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Graham v. United States

United States District Court, W.D. North Carolina, Asheville Division

August 20, 2014

DAVID WILLIAM GRAHAM, Petitioner,
v.
UNITED STATES OF AMERICA, Respondent. Criminal No. 1:06-cr-00052-MR-DLH-1.

MEMORANDUM OF DECISION AND ORDER

MARTIN REIDINGER, District Judge.

THIS MATTER is before the Court on an initial review of Petitioner's pro se motion to vacate, set aside or correct sentence which he filed pursuant to 28 U.S.C. § 2255 [Doc. 1]. For the reasons that follow, Petitioner's § 2255 motion will be denied and dismissed.

I. BACKGROUND

On June 6, 2006, Petitioner was indicted by the Grand Jury in this District on two counts of being a felon in possession of a firearm, in violation of 18 U.S.C. § 922(g)(1). [Criminal Case No. 1:06-cr-00052, Doc. 1: Indictment]. Petitioner was appointed counsel and soon entered into a written plea agreement with the Government wherein he agreed to plead guilty to one § 922(g) offense (Count 1), and the Government agreed to dismiss the other § 922(g) count (Count 2) at sentencing. The plea agreement informed Petitioner of the minimum and maximum penalties upon conviction, which was no less than fifteen years imprisonment and no more than life imprisonment if Petitioner qualified as an armed career criminal under 18 U.S.C. § 924(e)(1).[1] [Id., Doc. 10: Plea Agreement].

A U.S. Probation Officer prepared a draft of a presentence investigation report (PSR) in advance of Petitioner's sentencing hearing.[2] The PSR identified four prior state convictions in North Carolina for felony breaking or entering, which convictions were sustained in 1989 in Cleveland County Superior Court. [Id., Doc. 7: PSR ¶¶ 28-29]. The probation officer concluded that these convictions qualified as violent felonies and therefore recommended that Petitioner should be designated as an armed career criminal under § 924(e)(1). Petitioner's counsel filed objections to the draft PSR, arguing that Petitioner's prior convictions for felony breaking or entering should not be considered in determining whether he qualified as an armed career criminal because the convictions did not qualify as violent felonies under § 924(e)(1). [Id. at 21-22].

On April 5, 2007, Petitioner appeared with counsel for his sentencing hearing before the Honorable Lacy H. Thornburg. The Court overruled Petitioner's objection to the armed career criminal enhancement and sentenced Petitioner to a term of 188 months' imprisonment. [Id., Doc. 15: Judgment in a Criminal Case]. Petitioner did not file a direct appeal. Instead, on May 30, 2014, Petitioner filed the present motion to vacate.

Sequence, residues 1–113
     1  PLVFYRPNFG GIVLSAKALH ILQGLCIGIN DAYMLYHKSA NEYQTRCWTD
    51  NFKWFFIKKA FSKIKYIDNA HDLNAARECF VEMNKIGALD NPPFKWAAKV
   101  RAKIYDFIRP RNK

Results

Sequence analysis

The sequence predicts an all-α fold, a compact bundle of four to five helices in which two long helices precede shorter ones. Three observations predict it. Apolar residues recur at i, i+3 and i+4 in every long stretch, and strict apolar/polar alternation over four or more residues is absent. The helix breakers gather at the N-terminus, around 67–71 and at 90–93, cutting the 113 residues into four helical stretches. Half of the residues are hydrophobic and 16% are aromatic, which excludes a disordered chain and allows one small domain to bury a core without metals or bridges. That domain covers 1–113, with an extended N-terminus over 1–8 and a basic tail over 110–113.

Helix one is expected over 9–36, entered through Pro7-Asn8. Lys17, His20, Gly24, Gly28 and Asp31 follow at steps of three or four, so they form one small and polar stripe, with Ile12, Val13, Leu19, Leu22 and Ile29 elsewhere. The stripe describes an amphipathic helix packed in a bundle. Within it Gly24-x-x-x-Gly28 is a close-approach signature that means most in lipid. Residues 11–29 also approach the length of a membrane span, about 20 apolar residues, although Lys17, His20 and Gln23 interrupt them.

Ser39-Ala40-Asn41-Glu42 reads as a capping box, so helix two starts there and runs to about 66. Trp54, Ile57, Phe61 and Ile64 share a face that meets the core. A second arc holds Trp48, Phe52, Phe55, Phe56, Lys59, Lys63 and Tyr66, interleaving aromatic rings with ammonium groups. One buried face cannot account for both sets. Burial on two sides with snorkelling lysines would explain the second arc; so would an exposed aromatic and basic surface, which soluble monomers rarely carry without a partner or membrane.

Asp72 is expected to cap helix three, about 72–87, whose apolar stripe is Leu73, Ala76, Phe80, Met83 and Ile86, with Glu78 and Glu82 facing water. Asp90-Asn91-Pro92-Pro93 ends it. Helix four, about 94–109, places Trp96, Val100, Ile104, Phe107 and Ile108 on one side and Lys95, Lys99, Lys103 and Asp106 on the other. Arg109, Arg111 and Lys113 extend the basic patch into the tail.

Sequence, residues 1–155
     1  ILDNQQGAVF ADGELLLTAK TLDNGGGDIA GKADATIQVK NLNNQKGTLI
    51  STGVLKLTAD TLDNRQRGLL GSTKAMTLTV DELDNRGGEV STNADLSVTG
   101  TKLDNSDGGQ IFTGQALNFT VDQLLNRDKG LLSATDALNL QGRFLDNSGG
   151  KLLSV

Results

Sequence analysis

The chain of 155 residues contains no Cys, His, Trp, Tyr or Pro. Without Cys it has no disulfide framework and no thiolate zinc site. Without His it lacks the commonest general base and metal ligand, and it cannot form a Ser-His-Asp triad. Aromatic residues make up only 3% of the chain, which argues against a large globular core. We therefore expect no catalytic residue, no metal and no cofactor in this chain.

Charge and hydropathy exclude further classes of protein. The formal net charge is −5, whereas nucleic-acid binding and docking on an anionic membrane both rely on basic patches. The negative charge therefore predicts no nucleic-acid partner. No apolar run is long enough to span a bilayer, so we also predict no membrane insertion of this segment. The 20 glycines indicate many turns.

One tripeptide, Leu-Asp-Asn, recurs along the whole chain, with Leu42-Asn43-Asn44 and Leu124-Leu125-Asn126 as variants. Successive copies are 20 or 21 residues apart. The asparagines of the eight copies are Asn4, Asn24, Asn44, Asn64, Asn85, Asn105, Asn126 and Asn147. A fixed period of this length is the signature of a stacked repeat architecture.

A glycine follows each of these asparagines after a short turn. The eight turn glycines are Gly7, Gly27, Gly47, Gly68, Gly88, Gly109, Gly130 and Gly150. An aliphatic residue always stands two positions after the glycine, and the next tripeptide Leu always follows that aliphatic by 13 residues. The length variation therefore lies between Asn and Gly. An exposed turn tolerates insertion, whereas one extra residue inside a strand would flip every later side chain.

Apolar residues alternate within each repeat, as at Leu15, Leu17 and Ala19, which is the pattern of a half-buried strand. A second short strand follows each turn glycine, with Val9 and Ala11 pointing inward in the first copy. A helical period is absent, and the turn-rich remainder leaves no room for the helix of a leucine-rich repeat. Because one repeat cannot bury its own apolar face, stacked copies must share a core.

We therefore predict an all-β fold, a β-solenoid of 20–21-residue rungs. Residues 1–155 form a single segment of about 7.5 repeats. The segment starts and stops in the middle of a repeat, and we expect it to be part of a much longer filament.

II. STANDARD OF REVIEW

Pursuant to Rule 4(b) of the Rules Governing Section 2255 Proceedings, sentencing courts are directed to promptly examine motions to vacate, along with "any attached exhibits and the record of prior proceedings" in order to determine whether a petitioner is entitled to any relief. The Court has considered the record in this matter and applicable authority and concludes that this matter can be resolved without an evidentiary hearing. See Raines v. United States , 423 F.2d 526, 529 (4th Cir. 1970).

III. DISCUSSION

In his § 2255 motion, Petitioner argues that he does not qualify as an armed career criminal based on the Supreme Court's decision in Descamps v. United States , 133 S.Ct. 2276 (2013). Specifically, Petitioner argues that after the decision in Descamps, his North Carolina breaking or entering convictions no longer qualify as violent felonies and therefore these convictions cannot support his designation as an armed career criminal. [Doc. 1].

The Antiterrorism and Effective Death Penalty Act (AEDPA) provides, in relevant part, that a one-year period of limitation shall apply to a motion under 28 U.S.C. § 2255. The limitation period runs from the latest of:

(1) the date on which the judgment of conviction becomes final;
(2) the date on which the impediment to making a motion created by governmental action in violation of the Constitution or laws of the United States is removed, if the movant was prevented from making a motion by such governmental action;
(3) the date on which the right asserted was initially recognized by the Supreme Court, if that right has been newly recognized by the Supreme Court and made retroactively ...

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